A team of mathematicians have made the alarming prediction that a fresh global financial crisis is headed our way.
The Polish researchers pored over the S&P 500 stock market index, and claim the statistics show a dramatic crash is on the cards.
The research was led by Professor Stanislaw Drozdz from the Institute of Nuclear Physics of the Polish Academy of Sciences — and he said we have just over a decade until the “hyper-crash” hits the globe.
“The data is, unfortunately, quite unambiguous. It seems that since the mid-2020s, a global financial crash of a previously unprecedented scale is highly probable,” he said in a statement.
“This time, the change will be qualitative, indeed radical.”
The team came up with their theory after examining economic data from the 1950s to 2016.
Using the “Hurst exponent” — which shows how likely a market is to experience change through ratings from 0 to 1 — they found stable markets had a rating of around 0.5.
When US investment bank Lehman Brothers went bust in 2008 and the global financial crisis took off, the Hurst exponent fell — and it has not recovered since.
In fact, over the past decade, it has remained below 0.4 — which is apparently a grim sign of things to come.
In other words, “the near future of the global economy looks extremely bleak”, the statement announcing the findings claimed.
It also predicted the next crisis would hit in “a dozen or so years” — or around 2030 at the very latest — “we can expect a financial meltdown such as never before”.
“What is also striking in the changes in the Hurst exponent for the S&P 500 is the shortening time intervals between consecutive crashes and the fact that after each collapse, the indicator never returns to its original level,” Professor Drozdz said.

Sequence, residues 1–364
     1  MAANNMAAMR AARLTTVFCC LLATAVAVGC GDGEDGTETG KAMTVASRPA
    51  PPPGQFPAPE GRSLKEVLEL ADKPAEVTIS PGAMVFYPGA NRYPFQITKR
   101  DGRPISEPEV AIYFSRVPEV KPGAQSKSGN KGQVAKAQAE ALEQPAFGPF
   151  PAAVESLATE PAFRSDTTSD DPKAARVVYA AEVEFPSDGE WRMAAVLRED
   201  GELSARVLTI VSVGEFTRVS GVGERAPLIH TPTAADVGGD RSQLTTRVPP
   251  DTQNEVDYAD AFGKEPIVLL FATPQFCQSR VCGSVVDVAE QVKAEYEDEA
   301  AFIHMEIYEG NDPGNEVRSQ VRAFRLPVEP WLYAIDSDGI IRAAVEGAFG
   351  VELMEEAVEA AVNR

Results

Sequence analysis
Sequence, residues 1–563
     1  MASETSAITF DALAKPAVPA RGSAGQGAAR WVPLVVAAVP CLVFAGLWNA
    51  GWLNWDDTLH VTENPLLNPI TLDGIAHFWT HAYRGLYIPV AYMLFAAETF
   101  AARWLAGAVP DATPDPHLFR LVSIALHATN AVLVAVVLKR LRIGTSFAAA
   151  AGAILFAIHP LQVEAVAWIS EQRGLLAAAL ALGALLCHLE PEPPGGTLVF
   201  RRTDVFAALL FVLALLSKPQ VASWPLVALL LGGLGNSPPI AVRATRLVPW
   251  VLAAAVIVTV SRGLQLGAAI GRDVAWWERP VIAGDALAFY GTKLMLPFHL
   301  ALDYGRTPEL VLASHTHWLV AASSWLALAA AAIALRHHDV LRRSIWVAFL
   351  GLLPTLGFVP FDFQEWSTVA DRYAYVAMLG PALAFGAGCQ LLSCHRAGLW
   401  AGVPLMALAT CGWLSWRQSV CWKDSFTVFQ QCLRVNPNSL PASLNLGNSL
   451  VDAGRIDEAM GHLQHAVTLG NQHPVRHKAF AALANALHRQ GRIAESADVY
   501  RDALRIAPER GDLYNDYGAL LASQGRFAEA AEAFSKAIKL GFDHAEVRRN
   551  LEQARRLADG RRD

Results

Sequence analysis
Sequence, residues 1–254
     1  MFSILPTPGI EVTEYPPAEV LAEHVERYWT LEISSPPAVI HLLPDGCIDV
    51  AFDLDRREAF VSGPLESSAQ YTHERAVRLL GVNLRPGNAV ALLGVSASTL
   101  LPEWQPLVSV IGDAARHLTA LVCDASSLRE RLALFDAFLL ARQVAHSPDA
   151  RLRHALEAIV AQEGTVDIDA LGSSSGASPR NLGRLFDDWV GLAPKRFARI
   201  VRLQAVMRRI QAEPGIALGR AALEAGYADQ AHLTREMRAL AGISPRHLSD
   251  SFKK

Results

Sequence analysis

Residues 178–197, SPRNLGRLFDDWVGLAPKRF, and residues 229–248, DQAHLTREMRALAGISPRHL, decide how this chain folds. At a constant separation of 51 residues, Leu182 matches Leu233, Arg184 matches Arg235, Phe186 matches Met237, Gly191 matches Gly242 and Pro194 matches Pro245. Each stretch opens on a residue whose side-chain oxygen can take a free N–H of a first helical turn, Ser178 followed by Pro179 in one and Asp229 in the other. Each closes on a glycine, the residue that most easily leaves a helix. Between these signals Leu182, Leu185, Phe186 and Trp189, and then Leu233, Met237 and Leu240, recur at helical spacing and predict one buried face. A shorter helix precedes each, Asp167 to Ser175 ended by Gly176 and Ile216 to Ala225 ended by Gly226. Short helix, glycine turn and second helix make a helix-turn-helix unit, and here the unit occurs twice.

“We have a clear signal here that the nervousness of the world market is growing all the time, for decades, regardless of changing people, business entities or technology.”
According to the findings, the looming crisis would be a “gigantic collapse” of global markets that would make earlier crashes “appear as minor stumbling blocks in comparison”.
However, Professor Drozdz also noted the crisis was not set in stone, and that it was possible to prevent it by altering certain behaviours.
“If the hyper-crash does occur, we will have shown the power of our multifractal statistical tools in a spectacular way. Personally, however, I would prefer for this not to happen,” he said.
“If this is the case and the hyper-crash does not occur, we will still have the quite acceptable interpretation that our forecast was … correct, but today’s press release will have influenced the behaviour of market participants and, well, we have just saved the world.”
The full findings of the study was recently published in the journal Complexity.
While Australia escaped most of the full brunt of the 2008 GFC, others weren’t so lucky.
In 2009 the International Monetary Fund described the crisis as “a recession unprecedented in the post-World War II era”, with the economies of Latvia, Estonia, Iceland, Ireland and Lithuania among the hardest hit across the world.